Older residents in Dulwich have complained that the Low Traffic Neighbourhood Scheme (LTN), which was made permanent on Christmas Eve, has severely disrupted their lives, writes Joshua Askew…
They say road closures and restrictions are making visits to and from healthcare workers and loved ones more difficult, alongside the activities that help maintain their physical and mental health.
“Age means that we cannot move around as easily as when we were young”, said Joan Evans of Age Speaks, which represents more than 100 elderly and disabled Dulwich residents. “Walking is often painful and slow, carrying more than small loads difficult [and] cycling (with some energetic exceptions) unthinkable.”
“Nobody thinks they are going to be old, but the reality is you will be like this one day,” she added.
In a press release, Southwark Council defended the LTN: “The changes will help to reduce pollution and traffic, improve safety, and increase walking, cycling and scootering.”
“These are outcomes that the majority of those in Dulwich, and across Southwark, can support.”
The impacts of the LTN are felt particularly in day-to-day activities and by the less well off in the area, as penalty charges of £65 can be applied if residents are caught driving in restricted zones.
“I have to shop in different outlets as I am on a budget,” said one 78-year-old pensioner from Dulwich. “As I shop for my 95-year-old aunt as well, shopping on foot or by bus is not an option.”
“I must use my car and these undemocratically imposed road barriers has inconvenienced this weekly chore greatly,” they added.
Residents are also concerned that the LTN is displacing traffic onto boundary roads, especially East Dulwich Grove, Dulwich Common and Croxted Road, worsening congestion and air quality.
Many of these streets are residential and have schools or health centres on them.
Southwark Council said the Dulwich scheme had led to a twelve per cent decrease in motor traffic and a 60 per cent increase in cycling since the measures were first introduced in March 2020.
A lot of the anger felt by residents over the LTN stems from the way in which they believe it was imposed by the council, with many saying there was not a proper assessment of the impact it would have on residents’ lives or exploration of possible alternatives.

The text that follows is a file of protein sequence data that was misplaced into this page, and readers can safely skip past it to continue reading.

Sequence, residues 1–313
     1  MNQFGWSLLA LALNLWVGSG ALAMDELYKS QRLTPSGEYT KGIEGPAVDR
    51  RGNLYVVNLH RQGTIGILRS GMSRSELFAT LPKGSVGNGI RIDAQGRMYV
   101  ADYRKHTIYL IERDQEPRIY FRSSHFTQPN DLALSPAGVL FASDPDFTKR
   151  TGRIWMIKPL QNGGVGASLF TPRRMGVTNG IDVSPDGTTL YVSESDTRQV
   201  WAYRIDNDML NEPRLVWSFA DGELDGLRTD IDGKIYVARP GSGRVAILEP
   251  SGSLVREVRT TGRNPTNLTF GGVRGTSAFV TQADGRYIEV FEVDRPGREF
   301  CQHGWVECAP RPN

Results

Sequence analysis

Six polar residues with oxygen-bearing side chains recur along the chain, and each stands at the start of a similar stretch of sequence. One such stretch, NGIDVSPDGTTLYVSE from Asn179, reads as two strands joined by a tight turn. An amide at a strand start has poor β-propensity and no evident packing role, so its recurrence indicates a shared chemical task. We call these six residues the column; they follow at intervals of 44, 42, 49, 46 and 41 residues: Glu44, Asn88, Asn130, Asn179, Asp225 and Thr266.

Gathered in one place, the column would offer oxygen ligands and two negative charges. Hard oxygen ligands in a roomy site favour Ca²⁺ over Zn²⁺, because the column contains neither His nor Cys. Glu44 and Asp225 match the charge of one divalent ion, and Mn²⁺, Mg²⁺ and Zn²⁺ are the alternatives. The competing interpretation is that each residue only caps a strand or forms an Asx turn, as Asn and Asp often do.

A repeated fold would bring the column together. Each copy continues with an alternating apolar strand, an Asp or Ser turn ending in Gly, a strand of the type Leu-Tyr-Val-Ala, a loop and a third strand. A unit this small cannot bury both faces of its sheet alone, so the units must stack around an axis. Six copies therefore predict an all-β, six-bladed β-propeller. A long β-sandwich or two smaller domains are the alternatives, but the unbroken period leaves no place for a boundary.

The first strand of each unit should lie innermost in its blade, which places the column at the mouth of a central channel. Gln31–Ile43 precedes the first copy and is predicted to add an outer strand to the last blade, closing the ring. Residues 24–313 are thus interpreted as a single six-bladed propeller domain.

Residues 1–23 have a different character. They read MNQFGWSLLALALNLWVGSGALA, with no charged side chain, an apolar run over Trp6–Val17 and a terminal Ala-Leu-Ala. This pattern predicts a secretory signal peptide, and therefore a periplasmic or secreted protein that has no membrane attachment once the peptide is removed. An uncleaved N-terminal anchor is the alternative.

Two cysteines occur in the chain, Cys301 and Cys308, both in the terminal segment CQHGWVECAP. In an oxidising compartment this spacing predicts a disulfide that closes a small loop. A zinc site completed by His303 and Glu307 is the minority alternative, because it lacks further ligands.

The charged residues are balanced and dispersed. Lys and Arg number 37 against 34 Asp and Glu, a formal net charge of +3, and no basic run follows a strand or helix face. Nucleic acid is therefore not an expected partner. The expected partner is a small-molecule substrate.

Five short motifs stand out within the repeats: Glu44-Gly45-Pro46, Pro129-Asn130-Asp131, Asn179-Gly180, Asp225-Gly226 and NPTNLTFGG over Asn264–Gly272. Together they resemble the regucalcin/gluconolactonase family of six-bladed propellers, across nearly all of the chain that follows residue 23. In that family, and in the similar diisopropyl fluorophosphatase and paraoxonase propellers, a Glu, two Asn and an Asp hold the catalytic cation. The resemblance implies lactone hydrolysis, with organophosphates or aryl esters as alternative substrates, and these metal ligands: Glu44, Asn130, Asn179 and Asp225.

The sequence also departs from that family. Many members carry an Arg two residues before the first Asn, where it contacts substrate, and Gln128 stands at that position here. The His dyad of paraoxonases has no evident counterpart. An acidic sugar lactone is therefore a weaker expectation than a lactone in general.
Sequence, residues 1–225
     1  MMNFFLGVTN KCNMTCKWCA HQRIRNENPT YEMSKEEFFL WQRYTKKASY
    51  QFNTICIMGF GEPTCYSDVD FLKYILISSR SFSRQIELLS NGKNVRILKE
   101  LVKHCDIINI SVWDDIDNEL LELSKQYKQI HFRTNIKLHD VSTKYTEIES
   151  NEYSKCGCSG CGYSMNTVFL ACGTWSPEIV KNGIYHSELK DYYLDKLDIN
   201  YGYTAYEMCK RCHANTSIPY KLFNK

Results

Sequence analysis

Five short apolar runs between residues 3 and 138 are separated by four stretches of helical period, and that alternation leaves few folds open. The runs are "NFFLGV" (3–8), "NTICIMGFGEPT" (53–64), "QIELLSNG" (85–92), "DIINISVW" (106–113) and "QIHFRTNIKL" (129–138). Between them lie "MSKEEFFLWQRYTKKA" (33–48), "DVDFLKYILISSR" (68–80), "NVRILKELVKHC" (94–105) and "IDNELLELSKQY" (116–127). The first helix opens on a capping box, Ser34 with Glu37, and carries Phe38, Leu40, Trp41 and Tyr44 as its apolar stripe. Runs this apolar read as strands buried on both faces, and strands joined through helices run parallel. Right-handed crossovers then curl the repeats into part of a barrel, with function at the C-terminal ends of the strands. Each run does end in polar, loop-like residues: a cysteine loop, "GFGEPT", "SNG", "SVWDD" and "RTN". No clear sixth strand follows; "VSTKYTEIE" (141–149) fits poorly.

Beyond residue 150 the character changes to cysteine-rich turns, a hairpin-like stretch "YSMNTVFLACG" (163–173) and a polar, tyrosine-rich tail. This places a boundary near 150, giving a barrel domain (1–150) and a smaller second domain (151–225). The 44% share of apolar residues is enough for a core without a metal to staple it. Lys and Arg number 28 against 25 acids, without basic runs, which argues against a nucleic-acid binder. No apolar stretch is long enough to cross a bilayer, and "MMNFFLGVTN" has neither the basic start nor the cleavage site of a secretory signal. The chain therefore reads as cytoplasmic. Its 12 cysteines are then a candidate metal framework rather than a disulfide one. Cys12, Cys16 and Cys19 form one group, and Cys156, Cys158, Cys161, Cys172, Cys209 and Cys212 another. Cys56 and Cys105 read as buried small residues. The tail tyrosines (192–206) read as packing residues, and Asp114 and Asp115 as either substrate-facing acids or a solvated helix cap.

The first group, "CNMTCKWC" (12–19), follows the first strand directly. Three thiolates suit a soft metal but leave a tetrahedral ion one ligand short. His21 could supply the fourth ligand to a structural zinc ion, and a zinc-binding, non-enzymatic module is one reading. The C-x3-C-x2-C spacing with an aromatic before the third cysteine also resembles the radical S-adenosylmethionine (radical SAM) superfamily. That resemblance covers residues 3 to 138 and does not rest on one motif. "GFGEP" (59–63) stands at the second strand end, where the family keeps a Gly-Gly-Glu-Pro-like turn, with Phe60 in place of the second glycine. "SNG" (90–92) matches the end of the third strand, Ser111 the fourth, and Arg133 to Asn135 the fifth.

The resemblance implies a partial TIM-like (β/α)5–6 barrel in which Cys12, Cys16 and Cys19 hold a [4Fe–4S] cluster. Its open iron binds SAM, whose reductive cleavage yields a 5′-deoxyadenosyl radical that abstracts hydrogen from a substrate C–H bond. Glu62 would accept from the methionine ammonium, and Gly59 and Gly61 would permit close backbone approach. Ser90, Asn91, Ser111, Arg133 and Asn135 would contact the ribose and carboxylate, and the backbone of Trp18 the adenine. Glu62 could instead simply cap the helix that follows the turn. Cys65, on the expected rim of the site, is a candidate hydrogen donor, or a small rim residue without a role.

Protest group Dulwich Alliance said in a statement: “Southwark Council has decided to ignore the wishes of people in Dulwich by refusing to accept the outcome of its own public consultation, which showed that more than two-thirds of people living and working in all three Dulwich LTNs wanted the traffic restrictions removed, is an abuse of power.
“It is undeniable that there is deep opposition to these street closures not just in Dulwich, but throughout London,” it added.
Cllr Catherine Rose, cabinet member for transport, parks and sport, said: “We have really listened to local people in making many changes to the schemes, to improve accessibility for people with disabilities and lower mobility. We have introduced a wide range of exemptions and changes to assist our most vulnerable residents. Driving is an important liberty for many older residents, who wish to continue driving after 70.
“Of course walking and cycling aren’t always possible for some people and we do not claim we have got it all right, but we can’t make changes based on unspecified claims. We need residents to contact us with specific cases of where this has had a negative impact on someone we can look at how best to mitigate against that.
Locals said they were urging the council to create a better scheme, which addresses their complaints.
“While we are aware of the need to reduce pollution, we need alternatives that do not discriminate against car-dependent elderly and disabled residents, damage local businesses and displace traffic on to already congested roads,” says Joan Evans.
“What we want is a council that doesn’t treat us like children.”